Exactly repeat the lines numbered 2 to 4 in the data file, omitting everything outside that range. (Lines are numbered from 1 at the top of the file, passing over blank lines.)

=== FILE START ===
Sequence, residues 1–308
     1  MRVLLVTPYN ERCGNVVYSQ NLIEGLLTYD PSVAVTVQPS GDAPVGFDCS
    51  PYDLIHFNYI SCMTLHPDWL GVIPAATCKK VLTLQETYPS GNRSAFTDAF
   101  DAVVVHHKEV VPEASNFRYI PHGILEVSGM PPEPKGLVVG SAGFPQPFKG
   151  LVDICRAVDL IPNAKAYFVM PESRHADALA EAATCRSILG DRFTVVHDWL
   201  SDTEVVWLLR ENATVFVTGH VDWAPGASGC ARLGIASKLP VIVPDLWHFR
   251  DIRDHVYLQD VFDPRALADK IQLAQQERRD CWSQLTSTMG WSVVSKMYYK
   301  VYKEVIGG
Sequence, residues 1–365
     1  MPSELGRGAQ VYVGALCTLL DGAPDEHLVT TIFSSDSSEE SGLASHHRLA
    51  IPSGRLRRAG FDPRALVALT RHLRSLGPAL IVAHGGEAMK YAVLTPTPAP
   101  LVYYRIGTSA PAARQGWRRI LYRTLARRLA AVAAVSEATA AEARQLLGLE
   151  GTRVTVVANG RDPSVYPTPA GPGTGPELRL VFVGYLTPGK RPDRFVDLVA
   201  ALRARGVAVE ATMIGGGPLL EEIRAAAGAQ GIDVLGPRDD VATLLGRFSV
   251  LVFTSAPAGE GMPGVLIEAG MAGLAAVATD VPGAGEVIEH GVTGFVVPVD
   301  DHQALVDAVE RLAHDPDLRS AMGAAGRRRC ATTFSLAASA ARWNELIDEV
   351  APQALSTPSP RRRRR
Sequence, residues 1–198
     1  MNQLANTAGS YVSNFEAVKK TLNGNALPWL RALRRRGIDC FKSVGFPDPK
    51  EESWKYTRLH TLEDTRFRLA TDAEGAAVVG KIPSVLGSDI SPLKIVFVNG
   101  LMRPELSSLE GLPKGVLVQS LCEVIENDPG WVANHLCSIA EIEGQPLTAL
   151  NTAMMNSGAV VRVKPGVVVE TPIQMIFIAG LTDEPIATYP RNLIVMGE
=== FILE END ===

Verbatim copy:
     1  MRVLLVTPYN ERCGNVVYSQ NLIEGLLTYD PSVAVTVQPS GDAPVGFDCS
    51  PYDLIHFNYI SCMTLHPDWL GVIPAATCKK VLTLQETYPS GNRSAFTDAF
   101  DAVVVHHKEV VPEASNFRYI PHGILEVSGM PPEPKGLVVG SAGFPQPFKG